As an increasing number of hazardous chemicals are banned around the world, they remain legal in the US. Why are American regulators so slow to move, and who benefits from their inaction?
Dozens of pesticides, up to 85 in total, approved for widespread agricultural use in the United States have been banned elsewhere in the world. For example, the US allows 11 different pesticides banned in China, and 17 that have been prohibited in Brazil.
The contrast is especially stark in Europe. The recently banned pesticide chlorpyrifos has serious genotoxic and neurological effects, especially in children, the European Food Safety Authority warned in a report published over the weekend. The pesticide, which comes up for re-approval in January, does not comply with EU health regulations because a safe exposure level cannot be established, even at the lowest experimental quantity.
With no safe dose, there can be no responsible use of the substance, no matter how cheap and effective it is compared to other pesticides. This seems like common sense, but the EU regulator’s decision to advise against chlorpyrifos stands in contrast to its American counterparts, which have stubbornly refused to ban the pesticide in commercial agriculture, along with many other deadly substances manufactured by wealthy agrochemical conglomerates.
Not only does chlorpyrifos remain in use in the US, concerns about its negative effects on living creatures (including humans) are dismissed by regulators and media marching to the tune of Big Business. The poisonous pesticide, and dozens more like it, are zealously protected by watchdogs who seem to have devolved into lapdogs for industry.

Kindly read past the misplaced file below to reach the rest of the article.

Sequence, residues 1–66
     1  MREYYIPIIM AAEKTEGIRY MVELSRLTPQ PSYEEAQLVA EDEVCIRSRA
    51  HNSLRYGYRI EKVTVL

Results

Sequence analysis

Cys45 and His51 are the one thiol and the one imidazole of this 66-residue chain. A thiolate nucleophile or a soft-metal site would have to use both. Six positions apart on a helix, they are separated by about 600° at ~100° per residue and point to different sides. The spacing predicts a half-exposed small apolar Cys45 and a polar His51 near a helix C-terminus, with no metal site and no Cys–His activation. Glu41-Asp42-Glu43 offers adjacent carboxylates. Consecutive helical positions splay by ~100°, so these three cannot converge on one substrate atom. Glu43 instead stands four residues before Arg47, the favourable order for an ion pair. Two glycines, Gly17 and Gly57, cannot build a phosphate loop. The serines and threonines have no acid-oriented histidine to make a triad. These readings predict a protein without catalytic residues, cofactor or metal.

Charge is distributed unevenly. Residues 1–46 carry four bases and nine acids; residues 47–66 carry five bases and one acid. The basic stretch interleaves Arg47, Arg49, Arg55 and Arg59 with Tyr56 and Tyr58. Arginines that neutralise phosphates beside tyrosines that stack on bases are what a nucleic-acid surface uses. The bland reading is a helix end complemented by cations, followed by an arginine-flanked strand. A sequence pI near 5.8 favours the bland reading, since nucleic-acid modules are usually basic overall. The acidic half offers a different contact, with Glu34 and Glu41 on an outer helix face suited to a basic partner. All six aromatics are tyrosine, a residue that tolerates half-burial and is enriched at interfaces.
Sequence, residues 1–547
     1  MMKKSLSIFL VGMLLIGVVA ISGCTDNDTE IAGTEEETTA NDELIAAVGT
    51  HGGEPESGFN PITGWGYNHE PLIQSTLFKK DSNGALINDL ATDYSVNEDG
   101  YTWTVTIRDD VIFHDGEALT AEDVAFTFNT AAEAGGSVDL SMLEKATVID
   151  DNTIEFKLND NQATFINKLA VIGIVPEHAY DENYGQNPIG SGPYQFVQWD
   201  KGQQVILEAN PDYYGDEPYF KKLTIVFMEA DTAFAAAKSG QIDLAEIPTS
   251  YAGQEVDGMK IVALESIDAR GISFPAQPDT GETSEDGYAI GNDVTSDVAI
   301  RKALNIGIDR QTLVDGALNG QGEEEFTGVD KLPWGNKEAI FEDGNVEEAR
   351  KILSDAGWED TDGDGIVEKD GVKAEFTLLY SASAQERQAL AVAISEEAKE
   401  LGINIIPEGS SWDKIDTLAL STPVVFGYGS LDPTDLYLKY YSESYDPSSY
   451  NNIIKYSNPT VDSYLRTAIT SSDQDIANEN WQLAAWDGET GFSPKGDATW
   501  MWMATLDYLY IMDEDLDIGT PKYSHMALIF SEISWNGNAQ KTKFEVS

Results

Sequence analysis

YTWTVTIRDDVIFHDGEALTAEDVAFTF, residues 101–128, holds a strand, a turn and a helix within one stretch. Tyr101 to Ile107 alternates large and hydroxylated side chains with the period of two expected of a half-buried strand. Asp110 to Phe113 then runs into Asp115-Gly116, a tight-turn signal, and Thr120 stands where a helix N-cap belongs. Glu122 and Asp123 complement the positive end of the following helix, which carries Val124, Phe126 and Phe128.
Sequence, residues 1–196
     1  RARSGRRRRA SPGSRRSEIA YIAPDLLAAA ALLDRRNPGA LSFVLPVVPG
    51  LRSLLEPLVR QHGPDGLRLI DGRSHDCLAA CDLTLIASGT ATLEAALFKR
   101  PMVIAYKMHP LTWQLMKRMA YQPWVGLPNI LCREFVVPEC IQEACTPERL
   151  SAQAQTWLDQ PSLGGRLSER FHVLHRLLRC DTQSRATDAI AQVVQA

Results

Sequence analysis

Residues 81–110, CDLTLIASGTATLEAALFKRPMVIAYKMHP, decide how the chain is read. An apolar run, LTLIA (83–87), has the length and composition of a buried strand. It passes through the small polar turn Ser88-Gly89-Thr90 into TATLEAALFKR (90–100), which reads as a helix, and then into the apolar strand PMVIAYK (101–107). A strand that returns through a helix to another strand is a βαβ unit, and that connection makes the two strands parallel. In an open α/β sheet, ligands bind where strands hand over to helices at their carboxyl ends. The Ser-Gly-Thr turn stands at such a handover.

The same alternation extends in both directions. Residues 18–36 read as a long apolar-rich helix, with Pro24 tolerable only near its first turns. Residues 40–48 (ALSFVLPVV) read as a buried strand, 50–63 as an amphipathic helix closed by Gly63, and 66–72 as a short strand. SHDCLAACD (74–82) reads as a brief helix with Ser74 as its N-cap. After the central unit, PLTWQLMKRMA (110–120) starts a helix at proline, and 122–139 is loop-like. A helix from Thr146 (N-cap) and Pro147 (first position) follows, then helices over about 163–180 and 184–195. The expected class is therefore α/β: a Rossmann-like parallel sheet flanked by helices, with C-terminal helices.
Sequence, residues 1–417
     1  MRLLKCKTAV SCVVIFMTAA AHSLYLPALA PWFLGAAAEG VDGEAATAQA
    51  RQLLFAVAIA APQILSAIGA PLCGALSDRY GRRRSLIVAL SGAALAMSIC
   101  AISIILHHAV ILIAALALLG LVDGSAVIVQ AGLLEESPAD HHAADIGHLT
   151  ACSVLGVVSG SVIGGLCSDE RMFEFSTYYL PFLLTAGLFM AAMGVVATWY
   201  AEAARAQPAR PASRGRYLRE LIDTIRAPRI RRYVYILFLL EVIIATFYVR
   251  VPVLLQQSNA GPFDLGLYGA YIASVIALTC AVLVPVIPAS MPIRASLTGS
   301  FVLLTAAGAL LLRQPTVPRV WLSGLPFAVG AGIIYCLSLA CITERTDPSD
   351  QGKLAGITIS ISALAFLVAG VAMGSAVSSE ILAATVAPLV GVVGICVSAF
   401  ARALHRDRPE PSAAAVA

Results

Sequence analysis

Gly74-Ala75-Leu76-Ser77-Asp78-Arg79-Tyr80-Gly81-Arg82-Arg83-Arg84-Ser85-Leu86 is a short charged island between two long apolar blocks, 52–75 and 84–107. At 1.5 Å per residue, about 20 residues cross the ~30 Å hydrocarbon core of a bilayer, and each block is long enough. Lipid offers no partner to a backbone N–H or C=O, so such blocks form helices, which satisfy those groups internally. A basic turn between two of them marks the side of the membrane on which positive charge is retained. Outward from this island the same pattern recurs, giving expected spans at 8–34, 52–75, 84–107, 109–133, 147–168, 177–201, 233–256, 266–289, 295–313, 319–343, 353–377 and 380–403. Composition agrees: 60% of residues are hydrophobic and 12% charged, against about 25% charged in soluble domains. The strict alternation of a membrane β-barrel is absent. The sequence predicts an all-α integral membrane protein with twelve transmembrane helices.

After nearly a decade of lawsuits, the Obama administration finally promised in 2015 to ban chlorpyrifos. The Environmental Protection Agency even produced studies showing that the pesticide harmed brain development in children. But Trump’s EPA director Scott Pruitt reversed that decision before it could take effect, shortly after a meeting with executives from Dow Chemical, its manufacturer. Prior to his appointment, Pruitt worked so closely with the energy industry in fighting the EPA and environmental legislation, that he actually allowed energy lobbyists to use his official stationery (as Oklahoma attorney general) to file complaints against the regulator.
That is just one example of collusion between US regulators and the industries they’re supposed to regulate. Communications between Monsanto executives and EPA scientists show the former bullying, cajoling, and coercing the latter into downplaying troubling experimental results regarding the carcinogenicity of Monsanto’s blockbuster herbicide glyphosate (marketed as Roundup). It remains legal in the US, despite multiple court rulings awarding hefty sums to customers stricken with non-Hodgkins lymphoma from using the product.
Monsanto, now owned by the German giant Bayer, has been caught ghostwriting scientific studies and journal articles and paying sympathetic scientists to use their names, thus allowing the company to present the work – including studies it has shown off in court as proof of Roundup’s safety – as “independent.”
In 2017, the EPA’s inspector general launched an investigation the agency over an email in which its Office of Pesticide Programs appeared to conspire with Monsanto to “kill” an investigation by the Department of Health and Human Services into glyphosate.
The International Agency for Research on Cancer has determined the herbicide was “probably carcinogenic to humans” based on a wealth of peer-reviewed studies, but the EPA refused to change its classification. Instead, the agency has relied on proprietary industry-funded studies even as former EPA scientists insist on re-evaluating the herbicide following a study that found exposure raised the risk of developing non-Hodgkins lymphoma by an eye-popping 41 percent.
This regulatory capture has been aided by the media. Monsanto has “pet journalists who pushed Monsanto propaganda under the guise of ‘objective reporting,’” according to one of the Roundup cancer lawsuits. The lawsuit described the “reputation management” consultants who infiltrated news outlets, including the BBC, in order to influence the “real” journalists writing about the company, supplying pro-GMO talking points and storylines while slapping their names on Monsanto-written articles. The company has also sought to smear and discredit hostile journalists, using an astroturfed journal called Academics Review. More recently, the EPA itself has started going after journalists who pursue stories exposing the regulator’s collusion with Big Pharma.